First of all, I want to very much thank Mel, David, Sarah (an ever so big welcome back to you) and Princess Heidi for your comments on my last post. Princess Heidi, I will come and visit your new blog soon. You're so lucky to have a dad who will help you with that.

I've been meaning for a while to draw from Harold Koenig's book, Faith & Mental Health, and share with you some of the treasures of thinking and understanding I have found there.

Koenig tells of nearly 500 studies during the twentieth century that reported statistically significant associations between religion and mental health. (478 out of 724 studies) (page 133)

He lists and explains ten ways in which religion could improve mental health. Religion:
  1. Promotes a positive worldview
  2. Helps to make sense of difficult situations
  3. Gives purpose and meaning
  4. Discourages maladaptive coping
  5. Enhances social support
  6. Promotes other-directedness
  7. Helps to release the need for control
  8. Provides and encourages forgiveness
  9. Encourages thankfulness
  10. Provides hope.
I wish I had the room here and the time to go into each of these points in detail. What will have to suffice is my testimony that I have found all these important in my Christian walk and important in my ability to be well. Not that I'm always perfectly well. Those who have come to know me will remember many times I have struggled. Yet my faith has grown and my mental health has improved since I began following Christ. I love my life. God has given me much to be grateful for.

Good, non-judgmental Christian support is very important for those who suffer from mental illness. People with such illnesses need Christ-like love, so they will be encouraged in their faith - so they will benefit from their faith as described in the ten points listed above.

And I'm going to, once more, mention Living Room, the support group I facilitate. I am fortunate to have the support of my entire church. The church considers this one of its most important ministries. Many people are finding support - the kind of support only a faith-based group can offer. We are helping people put their trust in God. We are helping people have hope. Knowing this gives me joy and helps keep my own mental health strong. If this were only possible for more of those who suffer!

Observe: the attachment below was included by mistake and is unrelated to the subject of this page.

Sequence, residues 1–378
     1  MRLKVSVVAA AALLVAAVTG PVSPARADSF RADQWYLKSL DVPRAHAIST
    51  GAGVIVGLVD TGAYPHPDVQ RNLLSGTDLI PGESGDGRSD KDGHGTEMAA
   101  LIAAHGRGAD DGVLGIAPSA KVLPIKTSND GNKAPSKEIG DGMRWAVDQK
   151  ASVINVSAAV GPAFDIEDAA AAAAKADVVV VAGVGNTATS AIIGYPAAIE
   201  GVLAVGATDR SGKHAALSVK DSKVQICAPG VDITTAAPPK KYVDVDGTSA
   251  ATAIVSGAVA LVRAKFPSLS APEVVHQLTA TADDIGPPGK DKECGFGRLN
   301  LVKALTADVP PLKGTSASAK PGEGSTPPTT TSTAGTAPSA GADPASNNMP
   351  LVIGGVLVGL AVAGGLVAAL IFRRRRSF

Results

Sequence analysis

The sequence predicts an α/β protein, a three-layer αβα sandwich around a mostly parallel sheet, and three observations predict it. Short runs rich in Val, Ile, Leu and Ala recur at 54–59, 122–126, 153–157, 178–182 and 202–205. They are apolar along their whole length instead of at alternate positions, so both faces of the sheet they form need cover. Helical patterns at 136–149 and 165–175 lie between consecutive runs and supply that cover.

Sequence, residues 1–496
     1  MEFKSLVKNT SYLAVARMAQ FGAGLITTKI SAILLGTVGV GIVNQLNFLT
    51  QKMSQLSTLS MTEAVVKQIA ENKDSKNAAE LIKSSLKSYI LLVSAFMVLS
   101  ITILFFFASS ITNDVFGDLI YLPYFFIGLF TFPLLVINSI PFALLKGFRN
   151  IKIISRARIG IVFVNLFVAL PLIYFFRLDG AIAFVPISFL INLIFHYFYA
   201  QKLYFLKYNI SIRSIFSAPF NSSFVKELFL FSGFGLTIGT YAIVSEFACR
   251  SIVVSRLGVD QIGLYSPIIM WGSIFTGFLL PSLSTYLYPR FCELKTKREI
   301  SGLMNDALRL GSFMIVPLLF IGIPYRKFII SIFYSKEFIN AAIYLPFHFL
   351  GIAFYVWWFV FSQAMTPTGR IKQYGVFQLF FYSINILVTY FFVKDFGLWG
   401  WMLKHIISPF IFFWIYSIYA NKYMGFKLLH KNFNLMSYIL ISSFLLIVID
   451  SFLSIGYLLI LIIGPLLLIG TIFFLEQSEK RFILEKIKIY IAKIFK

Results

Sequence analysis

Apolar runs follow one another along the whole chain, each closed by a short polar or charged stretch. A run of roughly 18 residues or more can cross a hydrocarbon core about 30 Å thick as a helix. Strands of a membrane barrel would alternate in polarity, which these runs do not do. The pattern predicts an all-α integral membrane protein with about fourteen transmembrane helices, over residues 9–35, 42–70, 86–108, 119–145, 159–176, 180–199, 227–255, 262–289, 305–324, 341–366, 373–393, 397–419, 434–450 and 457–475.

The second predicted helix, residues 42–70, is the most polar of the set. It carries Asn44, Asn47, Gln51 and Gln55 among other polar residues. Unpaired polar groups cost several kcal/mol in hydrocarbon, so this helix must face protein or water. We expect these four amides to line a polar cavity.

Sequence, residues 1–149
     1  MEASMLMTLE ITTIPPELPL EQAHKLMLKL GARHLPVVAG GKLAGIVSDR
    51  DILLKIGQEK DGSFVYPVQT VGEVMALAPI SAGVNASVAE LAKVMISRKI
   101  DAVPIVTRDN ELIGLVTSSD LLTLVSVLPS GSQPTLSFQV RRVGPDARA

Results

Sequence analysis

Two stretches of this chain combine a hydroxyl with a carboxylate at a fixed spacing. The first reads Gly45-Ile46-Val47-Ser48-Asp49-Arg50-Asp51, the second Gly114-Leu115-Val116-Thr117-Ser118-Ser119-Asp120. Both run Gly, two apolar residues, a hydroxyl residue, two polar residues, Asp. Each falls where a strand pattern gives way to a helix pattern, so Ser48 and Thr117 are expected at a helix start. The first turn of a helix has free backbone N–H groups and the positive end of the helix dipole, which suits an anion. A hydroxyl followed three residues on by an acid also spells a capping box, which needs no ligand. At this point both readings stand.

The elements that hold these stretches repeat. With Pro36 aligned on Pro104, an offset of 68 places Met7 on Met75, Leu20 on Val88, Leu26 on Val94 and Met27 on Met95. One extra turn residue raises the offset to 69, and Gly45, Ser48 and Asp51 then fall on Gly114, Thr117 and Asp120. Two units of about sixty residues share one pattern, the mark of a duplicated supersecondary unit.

Christians CAN help people with mental illness. I believe they want to; they only have to know how. They need the tools. They need the understanding.

Now you're probably getting tired of hearing about this, but now that my Living Room manuals are coming out, I am on a quest to see more groups start up. If you are interested in learning how to set up a Living Room group in your church, email me at When the manuals come out, I can send you copies of a manual that explains the concept (good for pastors to see) as well as a guide for facilitators. When I get them back from the printer I will be able to let you know the cost.

Saturday, September 01, 2007

Anger at Living Room

No, we didn't get angry at our Living Room group yesterday. We only discussed anger - anger with God in particular.

The discussion started with the question, "Do you ever feel angry or frustrated with God for your suffering with mood disorder?" Some people did feel that way and we talked a bit about how such frustration, if we hang on to it for too long, will lead to bitterness and separation from God.

We talked about Job and how he riled against God and asked God to explain why he allowed such terrible things to happen to him. But God answered him "...out of the storm...I will question you, and you shall answer me." Job 38:1-3. In other words, it's not our place to question God; it's the other way around. In Job 38:4 - 41:34 the most beautiful poetry follows with God expressing how awesome he truly is. God does so in a long series of powerful rhetorical questions: "Where were you when I laid the earth's foundation?...Who marked off its dimensions?..." And in 42:5-6, Job replies, "My ears had heard of you but now my eyes have seen you. (so vivid is the picture God paints) Therefore I despise myself and repent in dust and ashes."

Looking at the Psalms we saw how David was frequently frustrated with God. But in almost all cases, he doesn't stay there. At the end of his lamentations, he turns to expressions of hope and praise. We played a song by Brian Doerksen based on Psalm 13 - a beautifully sensitive prayer that I think touched us all deeply.

Our conclusion? It's often difficult to trust God when we're in the midst of depression. Sometimes the best thing to do is to turn to a Christian friend who we trust, a friend who will have faith for us until we recover.

(A reminder: If you think you might like to set up a Living Room group at your church, I can send you manuals - tools to get you started. email me at to order. The manuals are at the printer.)